slide projector passes through the liquid, scattered blue light may
seen throughout the container.
Shine light from a light bulb or slide projector through the liquid
and observe the color of the transmitted light. With much of the
blue light removed from the incident white light by scattering, only
the orange-red portion of the spectrum remains. When viewed head on
through the liquid, the transmitted light actually looks like a
you are using a slide projector and fish tank for the simulation,
you may wish to carefully rotate the tank as it is illuminated.
Allowing light to first pass through the narrow width, then through
the length of the tank, allows students to observe how the color of
the sun changes from a yellow-orange to an orange-red as it moves
from its noon day position to the horizon.
Blue Sky/Sunset Simulation II: A second method of demonstrating
why the sky is blue and the sunset red requires the use of two
common chemical substances: dilute sulfuric acid (H2SO4) and sodium
thiosulfate (Na2S2O3), hypo used in photography to fix developed
films. (Caution: be careful when handling the acid.) First mix three
teaspoons of thiosulfate with one liter of water. To this solution
add ten to twelve drops of acid. After a few seconds, the solution
will take on a bluish tint. With time the color will become more
intense, then fainter. After a few minutes the liquid will turn
These changes are due to the scattering of white light from tiny
grains of sulfur which gradually grow in size as the reaction
progresses. Initially, the grains are very small and serve as
scattering centers for short wavelengths of light, hence the blue
color. Eventually the particles become so large that they scatter
all wavelengths of visible light with equal intensity. This accounts
for the final milky appearance of the liquid.
that a cardboard mask blocks the light not passing through the
Scattering from particles whose dimensions are much less than the
wavelength of light is known as Rayleigh (pron. ray-lee) scattering. Rayleigh
scattering is responsible for the blue appearance of the Earth’s
sky. The non-preferential scattering by larger particles is known as
Mie (pron. me) Scattering and is responsible to the white color of clouds.
beautiful setting sun effect can be achieved by placing a beaker
containing the H2SO4 - Na2S2O3 solution on the stage of an overhead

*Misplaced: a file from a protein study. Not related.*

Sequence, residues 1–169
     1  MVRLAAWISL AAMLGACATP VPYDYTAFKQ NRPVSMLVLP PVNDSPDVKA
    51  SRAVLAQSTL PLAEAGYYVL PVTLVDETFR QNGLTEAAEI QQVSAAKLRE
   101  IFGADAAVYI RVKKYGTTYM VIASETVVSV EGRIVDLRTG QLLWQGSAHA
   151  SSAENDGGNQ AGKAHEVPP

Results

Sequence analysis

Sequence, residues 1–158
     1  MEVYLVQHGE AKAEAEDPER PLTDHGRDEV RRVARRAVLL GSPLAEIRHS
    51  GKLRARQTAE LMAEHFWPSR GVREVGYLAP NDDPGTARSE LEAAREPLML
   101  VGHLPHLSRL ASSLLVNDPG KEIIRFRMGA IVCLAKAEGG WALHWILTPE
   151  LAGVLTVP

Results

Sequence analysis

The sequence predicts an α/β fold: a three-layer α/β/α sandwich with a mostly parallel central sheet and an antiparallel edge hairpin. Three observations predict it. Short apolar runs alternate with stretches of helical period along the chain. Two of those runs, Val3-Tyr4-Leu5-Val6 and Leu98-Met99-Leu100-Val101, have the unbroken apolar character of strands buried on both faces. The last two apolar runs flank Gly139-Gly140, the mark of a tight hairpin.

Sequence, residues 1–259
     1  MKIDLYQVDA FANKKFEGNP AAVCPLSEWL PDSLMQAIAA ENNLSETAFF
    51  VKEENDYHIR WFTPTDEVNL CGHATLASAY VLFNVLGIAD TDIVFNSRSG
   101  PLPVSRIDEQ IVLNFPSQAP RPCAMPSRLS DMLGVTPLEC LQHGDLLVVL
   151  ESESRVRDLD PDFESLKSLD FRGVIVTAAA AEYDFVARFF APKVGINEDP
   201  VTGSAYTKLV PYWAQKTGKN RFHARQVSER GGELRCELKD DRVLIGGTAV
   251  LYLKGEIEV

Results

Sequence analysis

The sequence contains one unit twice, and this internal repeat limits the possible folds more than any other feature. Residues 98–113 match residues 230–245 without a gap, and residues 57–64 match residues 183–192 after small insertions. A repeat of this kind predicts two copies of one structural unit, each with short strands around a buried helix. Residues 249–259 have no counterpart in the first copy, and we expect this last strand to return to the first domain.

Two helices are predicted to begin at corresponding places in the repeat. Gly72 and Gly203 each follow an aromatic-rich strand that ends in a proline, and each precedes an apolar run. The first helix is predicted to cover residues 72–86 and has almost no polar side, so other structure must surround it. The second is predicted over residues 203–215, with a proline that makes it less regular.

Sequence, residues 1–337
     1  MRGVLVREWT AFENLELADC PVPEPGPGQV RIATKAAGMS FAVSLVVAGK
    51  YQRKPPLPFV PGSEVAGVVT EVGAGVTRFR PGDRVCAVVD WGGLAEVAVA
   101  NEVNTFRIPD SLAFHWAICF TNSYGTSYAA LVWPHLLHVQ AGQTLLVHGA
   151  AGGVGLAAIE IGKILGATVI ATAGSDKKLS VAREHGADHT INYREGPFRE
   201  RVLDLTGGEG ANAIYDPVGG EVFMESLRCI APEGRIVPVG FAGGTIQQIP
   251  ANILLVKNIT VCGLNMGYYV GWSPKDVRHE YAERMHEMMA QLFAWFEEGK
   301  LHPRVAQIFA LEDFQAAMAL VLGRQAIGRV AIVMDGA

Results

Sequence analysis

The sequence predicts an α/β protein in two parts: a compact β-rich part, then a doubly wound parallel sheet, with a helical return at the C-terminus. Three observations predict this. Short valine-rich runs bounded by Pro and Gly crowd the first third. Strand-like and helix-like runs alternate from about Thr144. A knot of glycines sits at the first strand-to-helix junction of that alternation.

projector (see image left). First mix three teaspoons of thiosulfate
with one liter of water. To this solution add ten to twelve drops of
acid. (Caution: be careful when handling the acid.)
mirror is used to project the light passing through the beaker onto
a screen. As the sulfur particles grow in size, the scattered blue
light will become more intense while the light reaching the screen
will change from white, to yellow, to orange and finally to a deep
The Color of Clouds
consist of water droplets and ice crystals that are significantly
larger than the wavelengths of visible light. Unlike the smaller gas
molecules that make up the Earth’s atmosphere, these larger
particles scatter all colors more or less equally.
Looking at a cloud, an
observer will, in most cases, receive all wavelengths of light and
perceive it as white. However, a cloud’s actual appearance is
governed by color of illuminating light, cloud thickness, shadowing by other clouds, age of the
cloud, and the brightness of surrounding sky and clouds. Thicker
clouds transmit little light and hence may appear darker. Larger
droplets in older clouds scatter less and absorb more light than
smaller drops and therefore appear darker.
The Whitest Cloud Around: What we identify as white is simply
the brightest gray in sight. A light gray cloud on a bright white
background will look much darker than the same cloud on a dark or
black background, in which case it might look white and bright. To
demonstrate this, obtain a variety of paper samples, each of which
appears to be white in isolation. Place them side by side, or cut
them so that they can be nested on top of one another, for
comparison. Usually only one will be perceived as white; the other
samples will appear gray by comparison, as it is with clouds.
Concept: A halo is an optical phenomenon due to reflection and
refraction of sunlight or moonlight in atmospheric hexagonal
ice-crystals. Halos appear as bright rings around the sun or moon.
Although they are more common in cold weather, halo-producing cirrus
clouds can be present in warm weather. Colored halos are formed by
refraction in the crystal; white halos are produced mainly by
reflection. (see below left)
Coronae are circular bands of color centered about the sun or moon.
(see above right)
They are produced by the diffraction of light by tiny water droplets
in clouds or small ice crystals. While circular coronae are somewhat
rare, partial coronae are not.
Download! Double-Slit Diffraction
With just a Laser Pointer and a Laser Printer